The Linn County Board of Supervisors approved an ordinance on Wednesday that allows the use of all-terrain vehicles and off-road vehicles on certain county roads.
The ordinance had been under consideration since early March, when the board held two public hearings to get feedback from residents.
More than 100 residents spoke during the first public hearing in Central City, and another 15 residents spoke at the second public hearing in Cedar Rapids. Supporters cited economic benefits to small towns in the county, while opponents of the ordinance voiced concerns about safety.
In order to address the concerns residents brought up, the supervisors decided to delay the vote. Supervisor Brent Oleson, who worked on the ordinance on and off for about a year, supported the delay “because we want to get it right.”
The ordinance was brought up again during the board’s meeting on Tuesday, May 26. Due to the COVID-19 pandemic, it was “put … on the back shelf because of other important issues before us,” Oleson said during the meeting.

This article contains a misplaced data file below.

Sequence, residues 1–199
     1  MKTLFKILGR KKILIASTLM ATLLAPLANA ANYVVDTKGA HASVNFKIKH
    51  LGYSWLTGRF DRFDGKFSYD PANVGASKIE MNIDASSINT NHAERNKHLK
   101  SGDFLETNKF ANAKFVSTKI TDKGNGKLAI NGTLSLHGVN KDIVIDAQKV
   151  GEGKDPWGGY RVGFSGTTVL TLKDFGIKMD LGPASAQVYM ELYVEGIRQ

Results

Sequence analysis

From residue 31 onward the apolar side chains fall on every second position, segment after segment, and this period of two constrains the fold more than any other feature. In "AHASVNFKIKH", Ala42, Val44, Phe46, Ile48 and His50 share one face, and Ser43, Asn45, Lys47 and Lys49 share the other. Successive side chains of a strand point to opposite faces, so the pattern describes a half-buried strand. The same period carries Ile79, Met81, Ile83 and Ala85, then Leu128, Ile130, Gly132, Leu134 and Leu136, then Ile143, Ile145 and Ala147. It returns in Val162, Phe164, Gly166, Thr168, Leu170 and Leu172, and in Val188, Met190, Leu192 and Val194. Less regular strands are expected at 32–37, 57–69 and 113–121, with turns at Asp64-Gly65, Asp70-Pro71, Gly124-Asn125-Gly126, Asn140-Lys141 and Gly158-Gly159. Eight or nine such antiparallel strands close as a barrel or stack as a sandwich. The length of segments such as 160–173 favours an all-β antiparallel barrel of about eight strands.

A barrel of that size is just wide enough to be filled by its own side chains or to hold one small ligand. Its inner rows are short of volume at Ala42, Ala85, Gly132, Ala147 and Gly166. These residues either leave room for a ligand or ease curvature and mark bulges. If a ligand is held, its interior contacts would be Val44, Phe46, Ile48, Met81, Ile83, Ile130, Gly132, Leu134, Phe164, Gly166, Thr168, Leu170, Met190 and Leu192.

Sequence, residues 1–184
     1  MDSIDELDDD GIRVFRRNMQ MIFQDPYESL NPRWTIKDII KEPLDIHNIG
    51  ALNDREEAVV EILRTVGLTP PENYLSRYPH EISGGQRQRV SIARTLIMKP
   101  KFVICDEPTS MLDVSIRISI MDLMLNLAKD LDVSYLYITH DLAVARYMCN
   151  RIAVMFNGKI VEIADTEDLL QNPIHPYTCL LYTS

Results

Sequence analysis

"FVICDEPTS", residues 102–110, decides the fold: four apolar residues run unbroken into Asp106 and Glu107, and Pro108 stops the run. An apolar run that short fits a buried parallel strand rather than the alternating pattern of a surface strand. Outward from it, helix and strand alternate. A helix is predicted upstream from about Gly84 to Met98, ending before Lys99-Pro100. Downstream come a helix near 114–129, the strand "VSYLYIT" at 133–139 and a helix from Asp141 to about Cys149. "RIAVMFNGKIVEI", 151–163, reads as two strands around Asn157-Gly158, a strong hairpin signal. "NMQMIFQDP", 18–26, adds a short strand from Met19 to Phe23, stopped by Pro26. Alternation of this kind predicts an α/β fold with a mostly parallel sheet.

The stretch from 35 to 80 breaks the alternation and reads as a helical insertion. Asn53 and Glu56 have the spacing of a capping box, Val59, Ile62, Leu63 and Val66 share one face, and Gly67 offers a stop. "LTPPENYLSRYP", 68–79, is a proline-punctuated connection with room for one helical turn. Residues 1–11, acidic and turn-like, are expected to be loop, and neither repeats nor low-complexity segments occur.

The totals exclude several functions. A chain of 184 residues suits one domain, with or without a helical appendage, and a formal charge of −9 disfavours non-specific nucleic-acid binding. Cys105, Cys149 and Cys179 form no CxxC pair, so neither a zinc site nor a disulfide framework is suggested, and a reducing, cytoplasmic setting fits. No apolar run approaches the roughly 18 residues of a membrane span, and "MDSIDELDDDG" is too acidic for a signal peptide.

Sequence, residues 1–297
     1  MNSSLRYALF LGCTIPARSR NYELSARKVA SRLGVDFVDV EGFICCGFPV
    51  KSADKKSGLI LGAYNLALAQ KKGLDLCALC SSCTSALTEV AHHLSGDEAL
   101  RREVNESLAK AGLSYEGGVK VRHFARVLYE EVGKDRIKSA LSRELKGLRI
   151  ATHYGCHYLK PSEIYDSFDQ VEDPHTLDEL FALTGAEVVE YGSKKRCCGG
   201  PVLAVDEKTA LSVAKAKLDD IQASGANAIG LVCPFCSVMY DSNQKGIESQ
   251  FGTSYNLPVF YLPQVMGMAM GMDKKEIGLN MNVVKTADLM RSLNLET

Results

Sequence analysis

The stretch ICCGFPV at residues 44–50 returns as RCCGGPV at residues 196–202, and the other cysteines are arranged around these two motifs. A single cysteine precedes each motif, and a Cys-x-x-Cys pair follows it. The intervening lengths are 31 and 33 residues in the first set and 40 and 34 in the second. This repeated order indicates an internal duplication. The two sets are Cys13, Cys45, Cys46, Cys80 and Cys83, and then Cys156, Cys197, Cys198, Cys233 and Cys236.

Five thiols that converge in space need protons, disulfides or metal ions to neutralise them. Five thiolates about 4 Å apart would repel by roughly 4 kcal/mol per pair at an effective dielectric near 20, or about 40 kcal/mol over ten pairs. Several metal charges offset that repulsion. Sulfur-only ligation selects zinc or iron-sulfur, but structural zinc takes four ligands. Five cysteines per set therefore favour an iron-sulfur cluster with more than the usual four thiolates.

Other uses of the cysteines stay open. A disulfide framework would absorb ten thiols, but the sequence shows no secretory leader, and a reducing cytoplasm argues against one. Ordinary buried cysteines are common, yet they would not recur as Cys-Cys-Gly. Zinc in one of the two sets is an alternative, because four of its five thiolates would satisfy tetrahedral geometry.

The main addition to the ordinance when it was brought up again in May was that operators and passengers 18 years old and younger must wear an ATV safety helmet when driving on secondary roads in the county.
The ordinance allows ATVs and off-road utility vehicles to be driven on secondary roads, which are typically gravel or asphalt. The driver must have a valid driver’s license and be at least 16 years old. Drivers 18 and younger will be required to pass an ATV education course from the Iowa Department of Natural Resources and carry a valid safety certificate.
The ordinance lists 28 restricted roadways, as well as other conditions drivers need to follow. Violating rules outlined in the ordinance would result in a misdemeanor fine of $65 to $625 and/or up to 30 days in jail.
During each of the ordinance’s three hearings, Oleson and Supervisor Stacey Walker voted in favor of it. Supervisor Ben Rogers voted against it, citing safety concerns.
“One of the things that I hope this board and other boards across the state will start thinking about is what the future of ATV use in this state might look like, and it would be my hope that we could all move toward specific designated spaces and parks, ATV parks or ATV trail systems, but we can only get to that point, we can only start down that path, if we begin the process of allowing ATVs to be used,” Walker said before the vote on Wednesday.
Oleson noted that the ordinance can be amended if issues arise or additional roadways need to be restricted.